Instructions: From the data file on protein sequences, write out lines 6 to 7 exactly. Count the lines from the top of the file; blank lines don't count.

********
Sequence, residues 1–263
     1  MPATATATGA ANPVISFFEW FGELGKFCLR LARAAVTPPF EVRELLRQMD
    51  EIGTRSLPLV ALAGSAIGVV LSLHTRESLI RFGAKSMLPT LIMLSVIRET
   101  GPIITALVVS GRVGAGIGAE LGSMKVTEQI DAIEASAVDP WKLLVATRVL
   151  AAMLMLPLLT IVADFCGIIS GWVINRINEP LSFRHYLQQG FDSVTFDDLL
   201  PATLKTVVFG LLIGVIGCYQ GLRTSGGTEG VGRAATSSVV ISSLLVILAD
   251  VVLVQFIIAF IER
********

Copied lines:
   201  PATLKTVVFG LLIGVIGCYQ GLRTSGGTEG VGRAATSSVV ISSLLVILAD
   251  VVLVQFIIAF IER